Republican Congressional candidate Genevieve Collins (TX) explained in an interview with “Fox & Friends” Thursday morning that Republican women are running for office and getting louder in politics.
“Women are doing so much right now,” she said. “Women are running businesses, we’re running families, we’re running board rooms and courtrooms, and hospitals. And, yet, we’re not running our politics?”
Collins told the story of her grandmother, who in 1957 was the first women to run for office in Dallas, Texas. “She was the first woman ever elected to Dallas City Council. So, I think it’s time that women are finally owning our voice and really stepping up because we are really capable of doing so much,” Collins said.
In the U.S. House of Representatives, there are currently 88 Democrat women and 13 Republican women. When asked about the disparity in female representation between the two parties, Collins explained, “Well, we haven’t stood up loud and talked loud enough yet. I think it’s important that women, Republican women especially talk about issues that matter to us, like the economy, like education, like national security.”
She added, “It’s time that we really start talking much loudly and really banging the drum for Republican women’s perspectives and voices to be heard loud and proud in Washington, D.C. and across our nation.”
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New York City Dems Push Law to Allow 800,000 Non-Citizens to Vote in Municipal Elections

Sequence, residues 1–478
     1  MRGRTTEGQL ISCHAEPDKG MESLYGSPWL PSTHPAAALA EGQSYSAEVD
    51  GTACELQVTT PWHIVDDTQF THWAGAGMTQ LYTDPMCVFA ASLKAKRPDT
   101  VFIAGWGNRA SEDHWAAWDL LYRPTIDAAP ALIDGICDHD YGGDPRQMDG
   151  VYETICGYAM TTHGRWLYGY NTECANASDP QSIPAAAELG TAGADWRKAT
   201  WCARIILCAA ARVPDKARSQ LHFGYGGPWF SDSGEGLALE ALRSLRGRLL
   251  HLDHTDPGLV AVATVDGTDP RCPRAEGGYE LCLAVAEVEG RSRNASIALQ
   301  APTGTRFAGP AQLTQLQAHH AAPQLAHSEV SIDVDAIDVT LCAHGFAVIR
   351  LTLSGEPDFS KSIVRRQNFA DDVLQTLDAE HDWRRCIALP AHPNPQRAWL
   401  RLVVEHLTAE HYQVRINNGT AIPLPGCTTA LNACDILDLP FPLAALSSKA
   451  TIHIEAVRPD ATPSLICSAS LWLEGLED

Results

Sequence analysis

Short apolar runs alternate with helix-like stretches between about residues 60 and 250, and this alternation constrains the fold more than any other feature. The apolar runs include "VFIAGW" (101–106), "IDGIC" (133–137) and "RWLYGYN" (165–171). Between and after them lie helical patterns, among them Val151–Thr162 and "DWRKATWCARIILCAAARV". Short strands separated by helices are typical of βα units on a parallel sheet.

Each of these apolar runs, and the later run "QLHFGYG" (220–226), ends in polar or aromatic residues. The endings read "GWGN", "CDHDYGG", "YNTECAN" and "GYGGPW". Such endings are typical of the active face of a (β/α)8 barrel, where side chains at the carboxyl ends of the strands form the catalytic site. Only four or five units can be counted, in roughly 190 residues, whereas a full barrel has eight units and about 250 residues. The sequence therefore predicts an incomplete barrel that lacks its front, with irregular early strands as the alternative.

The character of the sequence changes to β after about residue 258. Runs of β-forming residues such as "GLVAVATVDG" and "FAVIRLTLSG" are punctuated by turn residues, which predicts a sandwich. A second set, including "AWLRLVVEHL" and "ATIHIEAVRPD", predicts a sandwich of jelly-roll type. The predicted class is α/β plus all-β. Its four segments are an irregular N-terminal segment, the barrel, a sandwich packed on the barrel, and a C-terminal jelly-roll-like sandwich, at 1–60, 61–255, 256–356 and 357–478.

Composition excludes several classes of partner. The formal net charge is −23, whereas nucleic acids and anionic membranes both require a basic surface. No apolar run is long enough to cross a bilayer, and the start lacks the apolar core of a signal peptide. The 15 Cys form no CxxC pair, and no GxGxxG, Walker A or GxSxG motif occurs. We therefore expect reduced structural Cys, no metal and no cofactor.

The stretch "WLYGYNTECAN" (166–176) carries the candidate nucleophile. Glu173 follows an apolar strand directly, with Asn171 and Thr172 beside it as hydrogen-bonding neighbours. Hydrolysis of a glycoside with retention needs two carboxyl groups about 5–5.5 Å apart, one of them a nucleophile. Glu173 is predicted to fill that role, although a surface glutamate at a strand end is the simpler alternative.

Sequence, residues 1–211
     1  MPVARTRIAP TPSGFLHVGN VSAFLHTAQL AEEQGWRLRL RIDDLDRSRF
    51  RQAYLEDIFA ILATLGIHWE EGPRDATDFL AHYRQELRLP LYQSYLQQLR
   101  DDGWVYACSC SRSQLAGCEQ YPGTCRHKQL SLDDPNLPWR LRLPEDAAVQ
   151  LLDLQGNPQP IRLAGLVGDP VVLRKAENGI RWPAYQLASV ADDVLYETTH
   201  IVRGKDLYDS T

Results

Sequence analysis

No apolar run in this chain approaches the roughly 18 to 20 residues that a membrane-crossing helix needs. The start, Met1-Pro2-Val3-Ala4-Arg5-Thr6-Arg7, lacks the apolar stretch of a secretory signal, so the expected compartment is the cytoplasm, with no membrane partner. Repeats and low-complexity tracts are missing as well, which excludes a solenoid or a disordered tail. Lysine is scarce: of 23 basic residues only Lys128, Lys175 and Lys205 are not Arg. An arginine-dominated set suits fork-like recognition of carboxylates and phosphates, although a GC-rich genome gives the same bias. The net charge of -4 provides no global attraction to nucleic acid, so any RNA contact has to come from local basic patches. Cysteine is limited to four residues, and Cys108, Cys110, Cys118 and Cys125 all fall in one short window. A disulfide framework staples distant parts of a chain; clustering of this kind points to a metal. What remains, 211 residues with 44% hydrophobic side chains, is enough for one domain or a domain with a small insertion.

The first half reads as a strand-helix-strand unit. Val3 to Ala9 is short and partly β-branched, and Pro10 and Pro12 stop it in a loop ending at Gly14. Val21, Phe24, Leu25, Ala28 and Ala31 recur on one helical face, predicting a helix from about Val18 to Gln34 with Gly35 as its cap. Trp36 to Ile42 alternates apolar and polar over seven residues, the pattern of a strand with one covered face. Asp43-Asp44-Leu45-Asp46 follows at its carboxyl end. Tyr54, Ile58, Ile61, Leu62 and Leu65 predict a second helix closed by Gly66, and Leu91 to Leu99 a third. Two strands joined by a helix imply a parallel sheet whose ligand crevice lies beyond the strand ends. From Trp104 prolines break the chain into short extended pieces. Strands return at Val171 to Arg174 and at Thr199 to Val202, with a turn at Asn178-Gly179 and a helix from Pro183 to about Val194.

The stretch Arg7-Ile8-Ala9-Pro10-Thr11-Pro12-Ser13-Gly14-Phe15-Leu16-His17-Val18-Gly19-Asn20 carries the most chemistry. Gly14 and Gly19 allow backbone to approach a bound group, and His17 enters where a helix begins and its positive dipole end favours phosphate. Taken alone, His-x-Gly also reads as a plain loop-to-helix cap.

The New York City Council will vote on December 9 on a law to allow green-card holders and residents with work permits to vote in municipal elections
New York’s Democratic party is battling over the constitutionality of voter laws. On December 9, the New York City Council will vote on a law to allow green-card holders and residents with work permits to vote in municipal elections.
“Around 808,000 New York City residents who have work permits or are lawful permanent residents would be eligible to vote under the legislation, which has the support of 34 of 51 council members, a veto-proof majority” reports Fox News.
“It’s important for the Democratic Party to look at New York City and see that when voting rights are being attacked, we are expanding voter participation,” Councilman Ydanis Rodriguez, a sponsor of the bill and Democrat who represents the Washington Heights neighborhood of Manhattan, told the New York Times. Rodriguez immigrated from the Dominican Republic and became a U.S. citizen in 2000.
Laura Wood, Chief Democracy Officer for the mayor’s office, said at a hearing on the bill in September that the law could violate the New York State Constitution, which states that voters must be U.S. citizens age 18 or older.
Mayor Bill de Blasio indicated he could veto the bill following the September hearing.
“We’ve done everything that we could possibly get our hands on to help immigrant New Yorkers—including undocumented folks—but…I don’t believe it is legal,” de Blasio told WNYC radio at the time.
Mayor-elect Eric Adams, however, submitted testimony to the September hearing in favor of the bill. “In a democracy, nothing is more fundamental than the right to vote and to say who represents you and your community in elected office…Currently, almost one million New Yorkers are denied this foundational right.”
The legislation was first introduced two years ago, but had not yet gained traction due to the legal concerns.
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